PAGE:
While lithium is generally considered safe when taken by mouth or in low doses, it can be toxic in high doses and should never be taken without the supervision of a physician. As earlier mentioned, Lithium may cause tremors, nausea, vomiting and diarrhea, weight gain or loss (sometimes rapid), slowed heart rate, and slowed growth in children whose bodies are still growing.
Lithium is usually taken once daily on an empty stomach at bedtime with food or milk. If you're taking other medications with lithium—like antibiotics or diuretics—make sure your doctor knows about them so he or she can adjust your dose accordingly.
Pregnancy and Lithium
According to the American Psychiatric Association (APA), it is not known if lithium can pass through the placenta and affect your baby. It also says that there are no studies that show whether this medication passes through breast milk or to nursing infants (i.e. breastfeeding lithium)
However, there are some ways in which medical use of lithium affects pregnancy:
- Lithium can cause birth defects because it increases the risk of congenital malformations, especially when taken in high doses or for long periods of time (i.e., when prescribed for depression).
- This medication may also lead to high blood pressure during pregnancy which could cause preterm labor or preeclampsia.
- Some studies suggest that taking lithium during pregnancy could increase the risk for low birth weight babies, especially when taken in high doses or for long periods (i.e., when prescribed for depression).
For women who have been greatly affected by the effects of lithium due to drug misuse, they can seek help from their healthcare providers and consider women's sober living as part of their treatment options to help them with long-term sobriety.
Lithium for Mental Health
While Lithium may work wonders as a medication for the treatment of bipolar disorder and depression, it can still, however, bring adverse effects on a person's mental health.
Let's look at how this substance may impact a person overall.
- Lithium may cause a person to feel manic or hypomanic. This effect can be very dangerous and can cause the individual to behave in ways that are reckless or harmful to others.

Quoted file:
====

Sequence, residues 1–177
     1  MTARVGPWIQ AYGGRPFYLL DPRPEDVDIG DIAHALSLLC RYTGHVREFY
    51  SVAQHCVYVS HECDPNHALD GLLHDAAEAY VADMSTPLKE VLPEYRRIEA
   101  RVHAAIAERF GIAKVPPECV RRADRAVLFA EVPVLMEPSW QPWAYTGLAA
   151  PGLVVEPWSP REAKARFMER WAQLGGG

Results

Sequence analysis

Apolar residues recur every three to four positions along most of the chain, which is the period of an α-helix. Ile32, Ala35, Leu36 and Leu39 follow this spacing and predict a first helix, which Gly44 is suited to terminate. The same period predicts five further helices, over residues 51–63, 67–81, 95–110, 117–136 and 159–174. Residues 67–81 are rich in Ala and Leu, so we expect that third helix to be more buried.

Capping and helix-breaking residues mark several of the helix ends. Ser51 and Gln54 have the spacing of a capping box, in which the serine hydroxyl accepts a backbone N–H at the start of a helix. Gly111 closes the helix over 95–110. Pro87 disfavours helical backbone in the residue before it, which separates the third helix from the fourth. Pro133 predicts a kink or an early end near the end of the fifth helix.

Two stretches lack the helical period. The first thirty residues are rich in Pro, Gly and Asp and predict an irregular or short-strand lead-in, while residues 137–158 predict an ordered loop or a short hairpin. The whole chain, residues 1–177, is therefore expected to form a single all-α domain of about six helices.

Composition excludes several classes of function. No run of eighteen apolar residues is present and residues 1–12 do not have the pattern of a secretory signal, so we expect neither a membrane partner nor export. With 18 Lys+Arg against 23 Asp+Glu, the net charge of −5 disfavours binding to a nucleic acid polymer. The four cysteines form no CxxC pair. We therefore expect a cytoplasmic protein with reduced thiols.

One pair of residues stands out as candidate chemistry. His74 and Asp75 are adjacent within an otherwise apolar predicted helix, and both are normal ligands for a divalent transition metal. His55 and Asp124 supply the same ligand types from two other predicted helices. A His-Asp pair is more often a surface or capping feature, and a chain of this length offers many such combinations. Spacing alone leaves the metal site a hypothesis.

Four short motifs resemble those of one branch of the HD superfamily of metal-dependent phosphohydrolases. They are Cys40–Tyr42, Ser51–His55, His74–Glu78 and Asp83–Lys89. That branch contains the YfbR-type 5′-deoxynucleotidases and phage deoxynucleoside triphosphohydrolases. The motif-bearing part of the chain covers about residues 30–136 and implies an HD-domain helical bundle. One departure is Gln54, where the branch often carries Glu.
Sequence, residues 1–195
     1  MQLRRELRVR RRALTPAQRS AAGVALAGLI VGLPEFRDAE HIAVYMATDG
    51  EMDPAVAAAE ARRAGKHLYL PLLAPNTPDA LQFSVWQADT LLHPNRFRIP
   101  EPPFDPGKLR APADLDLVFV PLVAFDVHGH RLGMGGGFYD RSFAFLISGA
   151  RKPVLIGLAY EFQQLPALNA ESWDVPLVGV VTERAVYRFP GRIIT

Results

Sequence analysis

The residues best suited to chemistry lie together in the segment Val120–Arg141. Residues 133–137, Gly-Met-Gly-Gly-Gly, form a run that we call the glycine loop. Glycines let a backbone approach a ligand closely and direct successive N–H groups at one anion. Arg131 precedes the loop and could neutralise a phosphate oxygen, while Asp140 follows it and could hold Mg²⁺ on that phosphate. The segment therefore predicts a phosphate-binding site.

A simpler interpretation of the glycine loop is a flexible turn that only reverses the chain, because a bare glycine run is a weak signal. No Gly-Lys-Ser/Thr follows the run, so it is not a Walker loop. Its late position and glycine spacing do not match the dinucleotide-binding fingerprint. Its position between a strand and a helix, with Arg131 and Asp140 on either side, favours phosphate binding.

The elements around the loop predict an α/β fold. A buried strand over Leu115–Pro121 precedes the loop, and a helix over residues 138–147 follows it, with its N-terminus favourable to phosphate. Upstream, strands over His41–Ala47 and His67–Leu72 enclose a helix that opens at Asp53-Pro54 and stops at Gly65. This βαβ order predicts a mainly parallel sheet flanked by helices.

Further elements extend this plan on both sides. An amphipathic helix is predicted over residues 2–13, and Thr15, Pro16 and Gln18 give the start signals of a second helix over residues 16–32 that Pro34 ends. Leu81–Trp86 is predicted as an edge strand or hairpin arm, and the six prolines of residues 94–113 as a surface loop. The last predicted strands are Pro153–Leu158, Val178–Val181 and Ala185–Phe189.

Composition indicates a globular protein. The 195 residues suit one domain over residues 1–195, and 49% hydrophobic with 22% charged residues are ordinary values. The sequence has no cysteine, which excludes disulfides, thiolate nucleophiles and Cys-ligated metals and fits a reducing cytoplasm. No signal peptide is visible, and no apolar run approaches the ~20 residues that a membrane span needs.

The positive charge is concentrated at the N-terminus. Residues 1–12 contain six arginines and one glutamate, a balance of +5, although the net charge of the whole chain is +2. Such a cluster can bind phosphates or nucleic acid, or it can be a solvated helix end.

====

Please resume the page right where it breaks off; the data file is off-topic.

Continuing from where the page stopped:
- Lithium may cause psychosis, including hallucinations and delusions. These symptoms are very severe and can lead to hospitalization, if not treated properly with other medications such as antipsychotics or anticonvulsants such as carbamazepine (Tegretol) or valproic acid (Depakote).
- Lithium may lead to neuropathy or nerve damage resulting from prolonged use of this medication without appropriate monitoring by doctors experienced in treating a bipolar disorder or depression with lithium treatment alone without other drugs such as antipsychotics or anticonvulsants.
It is imperative to always consult with health care providers, particularly with a consulting physician regarding proper lithium use to prevent Lithium overdose and lithium toxicity, especially with drug interactions.
People who are suffering from lithium addiction or misuse may benefit largely from a sober living arrangement as it helps curb their addiction and lessen their chances of lithium toxicity and lithium overdose as earlier mentioned.
Can Transcend Recovery Community Assist with Recovery?
Transcend Recovery Community has been in the forefront for years in the field of mental health recovery assistance. Our comprehensive and holistic programs bring people closer to their goal of long-term sobriety and another chance to live a normal life.
Through the help of our partners and affiliates, we can provide the best care for our patients. We believe that our patients deserve compassion, love, and support. And this is what our team does best.
You may contact us to find out how Transcend Community can help you or your loved one with their mental health.